Just in case voters decided to vote down Proposal 1—that’s Public act 4, also known as the emergency manager law—there is new, similar legislation being crafted.
Michigan’s Senate Majority Leader Randy Richardville (R-SD17) told the Associated Press that he and some of his republican counterparts have crafted a replacement for the controversial state law that mandates an emergency manager take control of broke municipalities and schools.
Richardville said the newly drafted legislation is tweaked to address some issues critics have expressed with the original law and will serve as backup on the heels of the Nov. 6 vote.
The move comes after numerous polls have shown that statewide voters are sharply divided on the law, with no solid data the vote will be upheld or struck down.
Richardville told the Associated Press:
"If something happened like that bill was overturned, I think the Legislature would have to be ready to respond and to still deal with the emergency. You can eliminate the financial manager from the emergency financial manager legislation, but you can't remove the emergency."
Richardville’s alternative to PA4 so far has been low key, as neither Gov. Rick Snyder, nor Republican House leaders have mentioned anything about it.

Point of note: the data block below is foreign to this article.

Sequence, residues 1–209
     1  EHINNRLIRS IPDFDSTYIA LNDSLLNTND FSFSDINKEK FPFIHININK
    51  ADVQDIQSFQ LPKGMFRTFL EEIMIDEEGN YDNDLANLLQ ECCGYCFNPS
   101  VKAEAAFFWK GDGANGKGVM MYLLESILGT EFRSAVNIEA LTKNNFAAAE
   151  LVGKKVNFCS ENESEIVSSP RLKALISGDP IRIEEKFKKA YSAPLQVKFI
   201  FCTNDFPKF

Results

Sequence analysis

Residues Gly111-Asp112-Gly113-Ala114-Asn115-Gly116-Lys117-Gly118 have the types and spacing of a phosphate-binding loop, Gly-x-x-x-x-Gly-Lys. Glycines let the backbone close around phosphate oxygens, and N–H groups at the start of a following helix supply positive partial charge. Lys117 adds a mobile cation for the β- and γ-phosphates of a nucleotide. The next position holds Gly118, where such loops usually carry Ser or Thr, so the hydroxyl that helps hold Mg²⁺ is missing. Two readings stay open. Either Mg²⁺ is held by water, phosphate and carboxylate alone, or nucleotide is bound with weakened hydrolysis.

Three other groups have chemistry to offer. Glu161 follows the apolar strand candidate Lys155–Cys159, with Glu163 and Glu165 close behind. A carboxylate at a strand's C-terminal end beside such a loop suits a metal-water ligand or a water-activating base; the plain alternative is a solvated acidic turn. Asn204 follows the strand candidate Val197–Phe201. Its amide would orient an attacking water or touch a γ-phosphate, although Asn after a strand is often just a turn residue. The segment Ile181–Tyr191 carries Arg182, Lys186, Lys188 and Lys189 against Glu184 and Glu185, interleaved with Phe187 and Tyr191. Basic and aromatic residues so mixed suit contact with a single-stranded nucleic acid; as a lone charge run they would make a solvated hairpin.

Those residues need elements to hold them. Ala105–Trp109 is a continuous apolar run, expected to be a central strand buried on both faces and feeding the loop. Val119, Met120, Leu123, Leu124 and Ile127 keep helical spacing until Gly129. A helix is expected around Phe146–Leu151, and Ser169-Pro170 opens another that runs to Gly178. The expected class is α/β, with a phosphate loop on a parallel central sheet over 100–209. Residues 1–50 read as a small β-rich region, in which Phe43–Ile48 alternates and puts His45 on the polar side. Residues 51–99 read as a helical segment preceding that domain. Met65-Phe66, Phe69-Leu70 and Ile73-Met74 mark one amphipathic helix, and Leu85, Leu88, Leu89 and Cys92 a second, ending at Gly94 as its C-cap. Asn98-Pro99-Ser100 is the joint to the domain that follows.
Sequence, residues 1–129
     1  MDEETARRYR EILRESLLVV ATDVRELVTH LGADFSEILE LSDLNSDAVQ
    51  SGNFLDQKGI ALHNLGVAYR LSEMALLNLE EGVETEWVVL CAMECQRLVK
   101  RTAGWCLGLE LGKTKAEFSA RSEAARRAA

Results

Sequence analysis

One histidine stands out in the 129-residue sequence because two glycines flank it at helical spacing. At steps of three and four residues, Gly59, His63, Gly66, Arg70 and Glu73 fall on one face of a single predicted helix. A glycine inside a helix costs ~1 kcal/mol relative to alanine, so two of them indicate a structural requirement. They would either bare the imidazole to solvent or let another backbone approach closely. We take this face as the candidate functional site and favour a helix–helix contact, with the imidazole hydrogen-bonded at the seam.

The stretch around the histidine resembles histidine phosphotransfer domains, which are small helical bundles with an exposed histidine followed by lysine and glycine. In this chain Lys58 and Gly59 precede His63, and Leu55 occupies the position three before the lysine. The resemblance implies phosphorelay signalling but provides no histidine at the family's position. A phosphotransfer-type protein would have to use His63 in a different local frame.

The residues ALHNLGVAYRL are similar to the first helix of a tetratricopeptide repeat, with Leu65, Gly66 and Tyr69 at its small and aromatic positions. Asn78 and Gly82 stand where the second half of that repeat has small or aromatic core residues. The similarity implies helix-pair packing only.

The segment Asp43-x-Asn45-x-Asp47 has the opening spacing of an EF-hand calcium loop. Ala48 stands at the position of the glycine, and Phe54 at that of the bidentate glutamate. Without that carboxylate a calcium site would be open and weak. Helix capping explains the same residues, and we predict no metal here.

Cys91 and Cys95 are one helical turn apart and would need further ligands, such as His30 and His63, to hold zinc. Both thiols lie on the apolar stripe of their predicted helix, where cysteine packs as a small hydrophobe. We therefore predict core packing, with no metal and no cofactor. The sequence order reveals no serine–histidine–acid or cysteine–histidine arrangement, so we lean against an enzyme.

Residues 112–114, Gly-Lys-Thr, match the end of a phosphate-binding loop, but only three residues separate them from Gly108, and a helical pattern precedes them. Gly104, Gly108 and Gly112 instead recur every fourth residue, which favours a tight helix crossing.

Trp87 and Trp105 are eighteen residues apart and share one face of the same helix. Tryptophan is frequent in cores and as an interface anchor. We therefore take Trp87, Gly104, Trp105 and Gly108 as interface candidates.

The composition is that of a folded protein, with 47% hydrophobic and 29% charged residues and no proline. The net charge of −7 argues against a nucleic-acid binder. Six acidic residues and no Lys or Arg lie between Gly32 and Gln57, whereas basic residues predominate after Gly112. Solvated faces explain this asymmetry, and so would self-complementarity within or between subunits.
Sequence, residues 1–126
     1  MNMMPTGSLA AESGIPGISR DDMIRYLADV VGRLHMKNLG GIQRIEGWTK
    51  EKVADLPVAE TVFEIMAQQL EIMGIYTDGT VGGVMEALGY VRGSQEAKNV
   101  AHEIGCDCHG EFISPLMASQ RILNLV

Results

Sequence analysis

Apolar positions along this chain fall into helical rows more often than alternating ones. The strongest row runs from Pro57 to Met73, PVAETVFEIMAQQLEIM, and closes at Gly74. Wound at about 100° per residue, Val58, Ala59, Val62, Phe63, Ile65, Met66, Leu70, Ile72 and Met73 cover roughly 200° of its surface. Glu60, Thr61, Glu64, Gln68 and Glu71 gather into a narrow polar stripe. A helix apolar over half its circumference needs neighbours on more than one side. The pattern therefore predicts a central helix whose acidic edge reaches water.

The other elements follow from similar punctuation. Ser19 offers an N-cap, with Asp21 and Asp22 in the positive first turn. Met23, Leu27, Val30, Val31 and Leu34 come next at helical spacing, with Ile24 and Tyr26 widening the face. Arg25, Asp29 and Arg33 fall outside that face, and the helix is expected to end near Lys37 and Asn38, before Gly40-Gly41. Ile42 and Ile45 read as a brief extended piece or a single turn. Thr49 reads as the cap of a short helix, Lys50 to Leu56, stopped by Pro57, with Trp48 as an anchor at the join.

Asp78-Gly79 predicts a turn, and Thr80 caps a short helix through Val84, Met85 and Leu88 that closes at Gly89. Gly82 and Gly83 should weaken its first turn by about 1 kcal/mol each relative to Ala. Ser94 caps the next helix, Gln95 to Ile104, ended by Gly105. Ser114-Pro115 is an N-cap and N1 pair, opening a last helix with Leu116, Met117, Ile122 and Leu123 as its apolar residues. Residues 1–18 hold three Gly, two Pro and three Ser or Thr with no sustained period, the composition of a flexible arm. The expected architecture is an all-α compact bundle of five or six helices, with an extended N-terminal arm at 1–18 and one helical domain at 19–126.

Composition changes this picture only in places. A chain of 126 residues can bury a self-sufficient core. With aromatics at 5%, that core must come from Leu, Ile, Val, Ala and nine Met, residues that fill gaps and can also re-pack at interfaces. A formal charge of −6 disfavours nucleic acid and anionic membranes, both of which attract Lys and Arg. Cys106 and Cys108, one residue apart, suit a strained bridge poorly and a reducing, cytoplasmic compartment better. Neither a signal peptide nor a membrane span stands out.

The Michigan Supreme Court ruled to suspend the EM law and put it on the ballot in November as Proposal 1.
The law was passed last year by the Michigan Legislature and signed by Snyder
A draft of the alternative emergency manager bill is currently under legal review.
Meanwhile, the debate over Porposal 1, the ballot measure that asked voters to uphold or smash the original EM law, is heating up.
In a live chat on Mlive.com, two state lawmakers, Senator Bert Johnson and State Rep. Al Pscholka, submitted strong opinions on the topic:
State Rep. Al Pscholka (R-Stevensville) sponsored the legislation that is now PA4 and he continues to be a strong supporter of the measure.
"I know folks like to call it the Emergency Manager law, the name of the legislation is the Fiscal Accountability Act.
There is an easy way to avoid this legislation - pay your bills, don't take on huge debt, live within your means. That's 99 percent of the governments in the state. For others, we need an early warning system and the tools to help temporarily.
Our urban policy has to be more sophisticated than "send more money from Lansing.' It will take a partnership of government, non profits, business, and some real collaboration, not donut and coffee meetings where we all nod our heads about working together.”
“Allen Park also asked for financial review. That is part of the process, which includes a local review team, a state review board, review from the Governor and Treasurer.
EM's are just simply sent into places like critics claim. We need this law to stay so we can help communities before they get to the point of no return financially. Consent agreements and deficit reduction plans are much better. We can get there with a Yes vote on Prop. 1.”
State Senator Bert Johnson (D-Detroit) is a vocal critic of PA4. He has been very public about his strong opinions against the legistlation.